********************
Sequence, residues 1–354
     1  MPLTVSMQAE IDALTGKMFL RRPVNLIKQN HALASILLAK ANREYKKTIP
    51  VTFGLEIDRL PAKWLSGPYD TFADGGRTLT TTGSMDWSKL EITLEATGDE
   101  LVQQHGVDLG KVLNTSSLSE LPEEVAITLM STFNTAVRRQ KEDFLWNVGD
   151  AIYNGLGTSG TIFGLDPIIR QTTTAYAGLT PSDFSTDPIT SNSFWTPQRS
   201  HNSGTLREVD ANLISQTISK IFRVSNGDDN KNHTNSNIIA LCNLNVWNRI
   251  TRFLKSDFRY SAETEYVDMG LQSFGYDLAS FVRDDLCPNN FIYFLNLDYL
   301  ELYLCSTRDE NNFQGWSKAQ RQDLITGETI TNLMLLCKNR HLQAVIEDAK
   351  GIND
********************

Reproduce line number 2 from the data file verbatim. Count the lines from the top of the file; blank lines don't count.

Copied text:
     1  MPLTVSMQAE IDALTGKMFL RRPVNLIKQN HALASILLAK ANREYKKTIP